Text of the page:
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Georgia Rivers are "Navigable"

The United States Court of Appeals for the Eleventh Circuit just clarified its test for when waters (in this case a river and creek) are considered "navigable" for purposes of admiralty jurisdiction.  In Aqua Log, Inc. v. Lost and Abandoned Pre-Cut Logs and Rafts of Logs, the plaintiff, Aqua Log, sought to establish ownership over some logs that had sat for many years at the bottoms of the Flint River and Spring Creek in Georgia.  Left over from bygone logging operations, the logs were now ideal for furniture and musical instruments.  Aqua Log claimed title to the logs under two doctrines:  salvage and finds.  Under maritime doctrine of salvage, a "salvor" is entitled to an award for rescuing vessels or cargo from a marine peril.  The law of finds allows the finder to obtain title to abandoned property, and is often brought to bear in sunken treasure cases.  Aqua Log brought claims for salvage and finds under the federal court's admiralty jurisdiction.

The State of Georgia, however, appeared in the case to contest Aqua Log's claims.  Georgia moved to dismiss, arguing that the court did not have jurisdiction.  A federal court's admiralty jurisdiction only applies to "navigable waters."  Georgia argued that the waterways in question were not navigable because they had not been used for commercial transportation in many years, and there was no evidence they would be in the future.  The district court agreed and dismissed the case.  Aqua Log appealed.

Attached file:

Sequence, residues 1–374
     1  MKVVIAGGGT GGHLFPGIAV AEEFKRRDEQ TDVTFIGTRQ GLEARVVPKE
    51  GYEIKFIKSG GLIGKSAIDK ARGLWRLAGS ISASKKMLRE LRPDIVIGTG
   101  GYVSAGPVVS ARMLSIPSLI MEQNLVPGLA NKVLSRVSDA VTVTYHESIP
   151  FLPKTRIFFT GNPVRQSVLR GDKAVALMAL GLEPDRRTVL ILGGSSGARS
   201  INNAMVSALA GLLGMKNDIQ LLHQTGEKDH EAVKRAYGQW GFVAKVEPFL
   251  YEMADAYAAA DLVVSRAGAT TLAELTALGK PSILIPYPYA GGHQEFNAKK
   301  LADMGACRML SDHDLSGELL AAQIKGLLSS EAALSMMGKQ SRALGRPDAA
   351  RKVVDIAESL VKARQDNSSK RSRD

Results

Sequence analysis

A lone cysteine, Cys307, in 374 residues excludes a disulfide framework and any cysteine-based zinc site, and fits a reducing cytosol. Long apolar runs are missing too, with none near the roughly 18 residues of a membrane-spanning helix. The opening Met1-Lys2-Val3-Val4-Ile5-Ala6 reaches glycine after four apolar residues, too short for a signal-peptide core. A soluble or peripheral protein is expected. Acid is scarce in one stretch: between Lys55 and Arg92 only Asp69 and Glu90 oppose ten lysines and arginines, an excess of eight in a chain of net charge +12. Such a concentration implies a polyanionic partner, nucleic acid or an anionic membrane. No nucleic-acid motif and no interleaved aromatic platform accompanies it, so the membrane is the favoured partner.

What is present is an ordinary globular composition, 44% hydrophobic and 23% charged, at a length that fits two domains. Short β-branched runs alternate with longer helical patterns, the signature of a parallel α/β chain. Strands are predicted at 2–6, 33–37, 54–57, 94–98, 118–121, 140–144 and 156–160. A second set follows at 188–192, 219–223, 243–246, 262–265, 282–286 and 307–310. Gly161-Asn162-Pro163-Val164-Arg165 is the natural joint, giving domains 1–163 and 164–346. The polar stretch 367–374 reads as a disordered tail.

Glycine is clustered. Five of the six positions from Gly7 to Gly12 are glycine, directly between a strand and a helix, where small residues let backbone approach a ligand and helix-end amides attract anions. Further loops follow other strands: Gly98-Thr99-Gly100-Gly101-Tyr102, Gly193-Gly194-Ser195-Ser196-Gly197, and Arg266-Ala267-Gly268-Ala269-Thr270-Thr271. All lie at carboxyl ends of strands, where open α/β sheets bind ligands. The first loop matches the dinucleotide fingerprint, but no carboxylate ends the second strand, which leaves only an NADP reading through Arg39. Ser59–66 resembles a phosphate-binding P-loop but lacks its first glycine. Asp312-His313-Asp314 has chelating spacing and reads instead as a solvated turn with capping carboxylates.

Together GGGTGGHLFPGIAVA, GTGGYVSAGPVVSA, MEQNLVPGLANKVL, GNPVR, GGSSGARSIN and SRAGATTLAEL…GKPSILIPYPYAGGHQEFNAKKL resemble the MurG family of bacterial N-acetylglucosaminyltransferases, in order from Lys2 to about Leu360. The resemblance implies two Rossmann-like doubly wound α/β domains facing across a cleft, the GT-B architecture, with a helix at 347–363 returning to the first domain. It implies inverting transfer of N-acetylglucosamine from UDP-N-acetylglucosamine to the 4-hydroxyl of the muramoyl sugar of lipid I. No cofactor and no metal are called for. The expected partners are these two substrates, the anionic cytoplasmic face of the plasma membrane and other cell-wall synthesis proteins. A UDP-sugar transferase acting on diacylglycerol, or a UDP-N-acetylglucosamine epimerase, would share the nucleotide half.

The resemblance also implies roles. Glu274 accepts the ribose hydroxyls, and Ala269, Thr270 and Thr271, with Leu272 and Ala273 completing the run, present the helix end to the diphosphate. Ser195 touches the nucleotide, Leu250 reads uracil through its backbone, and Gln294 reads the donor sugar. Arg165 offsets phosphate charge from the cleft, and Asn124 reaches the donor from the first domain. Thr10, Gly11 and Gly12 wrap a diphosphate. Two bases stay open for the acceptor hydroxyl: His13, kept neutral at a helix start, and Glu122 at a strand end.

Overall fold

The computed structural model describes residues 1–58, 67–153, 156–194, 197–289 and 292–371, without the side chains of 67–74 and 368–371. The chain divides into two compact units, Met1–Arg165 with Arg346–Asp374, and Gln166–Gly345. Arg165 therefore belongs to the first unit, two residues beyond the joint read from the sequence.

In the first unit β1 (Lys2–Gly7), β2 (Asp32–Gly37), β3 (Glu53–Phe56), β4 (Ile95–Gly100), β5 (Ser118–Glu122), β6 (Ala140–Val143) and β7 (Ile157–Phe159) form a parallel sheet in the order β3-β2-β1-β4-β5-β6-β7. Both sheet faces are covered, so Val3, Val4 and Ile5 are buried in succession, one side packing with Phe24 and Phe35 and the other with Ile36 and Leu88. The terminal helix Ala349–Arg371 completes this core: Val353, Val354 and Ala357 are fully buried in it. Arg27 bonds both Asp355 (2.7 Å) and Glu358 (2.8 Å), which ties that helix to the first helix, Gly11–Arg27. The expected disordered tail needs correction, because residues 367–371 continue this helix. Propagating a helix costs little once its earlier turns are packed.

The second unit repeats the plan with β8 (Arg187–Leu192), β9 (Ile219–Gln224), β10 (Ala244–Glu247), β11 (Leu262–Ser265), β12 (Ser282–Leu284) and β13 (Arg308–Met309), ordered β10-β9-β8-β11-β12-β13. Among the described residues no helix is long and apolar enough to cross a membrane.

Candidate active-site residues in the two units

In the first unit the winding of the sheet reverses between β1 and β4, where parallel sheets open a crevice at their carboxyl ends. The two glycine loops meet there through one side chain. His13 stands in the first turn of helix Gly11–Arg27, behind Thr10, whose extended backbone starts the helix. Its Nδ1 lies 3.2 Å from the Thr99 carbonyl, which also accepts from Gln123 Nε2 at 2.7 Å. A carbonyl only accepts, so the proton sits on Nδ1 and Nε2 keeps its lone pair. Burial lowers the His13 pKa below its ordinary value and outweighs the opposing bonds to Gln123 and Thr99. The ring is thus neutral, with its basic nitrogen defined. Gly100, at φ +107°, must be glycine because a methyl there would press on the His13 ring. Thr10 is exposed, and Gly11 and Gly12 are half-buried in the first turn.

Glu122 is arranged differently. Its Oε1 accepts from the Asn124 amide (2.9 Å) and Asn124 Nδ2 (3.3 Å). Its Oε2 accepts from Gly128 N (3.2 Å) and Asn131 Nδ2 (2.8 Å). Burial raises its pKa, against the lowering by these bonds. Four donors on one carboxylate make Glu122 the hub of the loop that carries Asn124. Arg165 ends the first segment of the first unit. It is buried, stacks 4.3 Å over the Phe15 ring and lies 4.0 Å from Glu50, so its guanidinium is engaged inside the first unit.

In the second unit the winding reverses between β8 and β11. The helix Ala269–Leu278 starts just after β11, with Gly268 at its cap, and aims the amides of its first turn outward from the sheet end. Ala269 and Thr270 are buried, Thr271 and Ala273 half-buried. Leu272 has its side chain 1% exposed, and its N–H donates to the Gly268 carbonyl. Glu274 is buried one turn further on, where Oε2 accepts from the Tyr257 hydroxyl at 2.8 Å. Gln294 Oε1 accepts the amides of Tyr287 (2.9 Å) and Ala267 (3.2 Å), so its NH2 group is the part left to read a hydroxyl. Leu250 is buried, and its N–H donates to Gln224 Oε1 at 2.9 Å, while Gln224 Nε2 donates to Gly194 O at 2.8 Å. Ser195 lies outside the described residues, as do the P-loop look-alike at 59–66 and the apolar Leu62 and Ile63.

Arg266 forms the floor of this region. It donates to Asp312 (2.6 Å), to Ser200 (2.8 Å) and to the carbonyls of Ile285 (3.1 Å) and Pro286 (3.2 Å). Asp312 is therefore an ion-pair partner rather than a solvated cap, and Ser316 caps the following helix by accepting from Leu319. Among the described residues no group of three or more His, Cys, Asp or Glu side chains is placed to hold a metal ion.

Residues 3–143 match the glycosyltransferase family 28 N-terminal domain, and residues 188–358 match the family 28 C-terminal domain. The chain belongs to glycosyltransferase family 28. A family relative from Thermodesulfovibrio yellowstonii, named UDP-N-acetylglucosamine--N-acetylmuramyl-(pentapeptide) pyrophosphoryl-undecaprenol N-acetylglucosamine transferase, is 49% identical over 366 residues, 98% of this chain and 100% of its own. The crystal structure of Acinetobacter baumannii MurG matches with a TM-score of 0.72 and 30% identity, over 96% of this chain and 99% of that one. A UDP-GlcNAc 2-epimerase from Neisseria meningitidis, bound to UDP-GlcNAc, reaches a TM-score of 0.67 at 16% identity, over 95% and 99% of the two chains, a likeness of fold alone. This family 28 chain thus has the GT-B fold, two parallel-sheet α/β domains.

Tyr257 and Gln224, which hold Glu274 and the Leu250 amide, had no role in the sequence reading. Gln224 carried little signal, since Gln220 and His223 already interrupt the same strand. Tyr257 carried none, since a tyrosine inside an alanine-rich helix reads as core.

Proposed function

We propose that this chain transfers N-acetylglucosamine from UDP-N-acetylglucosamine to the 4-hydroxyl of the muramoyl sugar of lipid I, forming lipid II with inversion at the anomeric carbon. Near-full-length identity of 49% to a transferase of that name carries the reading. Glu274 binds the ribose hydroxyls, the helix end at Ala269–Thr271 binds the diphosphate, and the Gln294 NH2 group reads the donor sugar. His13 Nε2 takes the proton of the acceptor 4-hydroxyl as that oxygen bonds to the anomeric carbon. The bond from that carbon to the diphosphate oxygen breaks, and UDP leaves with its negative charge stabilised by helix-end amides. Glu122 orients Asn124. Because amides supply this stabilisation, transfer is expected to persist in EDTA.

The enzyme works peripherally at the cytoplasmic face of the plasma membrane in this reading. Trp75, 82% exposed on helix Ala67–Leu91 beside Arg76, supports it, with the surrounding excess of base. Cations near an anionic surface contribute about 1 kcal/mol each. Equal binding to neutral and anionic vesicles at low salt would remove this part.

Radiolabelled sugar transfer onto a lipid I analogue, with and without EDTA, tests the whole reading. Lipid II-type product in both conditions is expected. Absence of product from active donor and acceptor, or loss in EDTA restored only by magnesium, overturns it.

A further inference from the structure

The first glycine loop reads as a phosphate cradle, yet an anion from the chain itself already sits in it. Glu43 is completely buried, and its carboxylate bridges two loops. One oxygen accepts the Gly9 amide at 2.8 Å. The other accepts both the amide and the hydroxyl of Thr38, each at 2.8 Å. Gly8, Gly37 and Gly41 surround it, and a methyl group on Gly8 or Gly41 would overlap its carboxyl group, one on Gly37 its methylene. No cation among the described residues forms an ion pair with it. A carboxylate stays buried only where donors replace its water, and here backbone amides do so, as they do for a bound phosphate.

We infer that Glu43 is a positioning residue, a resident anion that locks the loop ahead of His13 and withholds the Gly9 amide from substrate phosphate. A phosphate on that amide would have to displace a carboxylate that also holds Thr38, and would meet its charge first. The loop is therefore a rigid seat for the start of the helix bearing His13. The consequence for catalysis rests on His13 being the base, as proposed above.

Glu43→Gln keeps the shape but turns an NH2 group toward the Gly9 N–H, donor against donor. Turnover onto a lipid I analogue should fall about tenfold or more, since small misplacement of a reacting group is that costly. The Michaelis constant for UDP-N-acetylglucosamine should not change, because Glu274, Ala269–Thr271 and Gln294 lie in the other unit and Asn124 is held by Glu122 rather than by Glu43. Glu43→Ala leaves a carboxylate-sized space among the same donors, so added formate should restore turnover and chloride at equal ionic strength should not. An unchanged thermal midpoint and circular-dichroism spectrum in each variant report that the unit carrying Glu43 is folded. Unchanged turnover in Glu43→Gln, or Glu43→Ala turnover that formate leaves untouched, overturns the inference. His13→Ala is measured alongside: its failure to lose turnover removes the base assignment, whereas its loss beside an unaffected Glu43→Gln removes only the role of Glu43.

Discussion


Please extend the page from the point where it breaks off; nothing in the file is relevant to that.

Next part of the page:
On appeal, the Eleventh Circuit reversed.  In so doing, the Court clarified the test for admiralty jurisdiction.  The test is not whether a waterway is actually being used for commercial transportation, nor is it whether there is any indication of possible future use.  Instead, the question is whether the waterway is "capable" of being used in commerce.  No one argued that the river and creek in question were not at least capable of being used in commerce, even though no such activity had occurred for a long time (presumably Aqua Log did not propose to transport the logs, once recovered from the bottom, by water).

The case is important because other, more common cases may or may not fall within admiralty jurisdiction.  A boating accident, for example, is governed by maritime law if it occurs on navigable waters and involves "traditional maritime activity."  Aqua Log makes it clear that, in the Eleventh Circuit (as in most others), a waterway need only be capable of commercial transportation in order to be navigable.  That's usually a much simpler inquiry than whether a waterway is in fact so used.  In many cases, the inquiry reduces to whether the waterway is completely confined to one state, in which case it cannot be used for interstate commerce.

The Eleventh Circuit spans Georgia, Florida and Alabama.  It should come as some relief to practioners that the many tidal rivers and creeks in those states will not venture in and out of admiralty jurisdiction based on the level of ongoing commercial activity or predictions for future activity.  Such a rule could make for an exhausting jurisdictional inquiry in any number of cases.

Copyright © 2021 Womble Bond Dickinson (US) LLP All Rights Reserved.National Law Review, Volume III, Number 65
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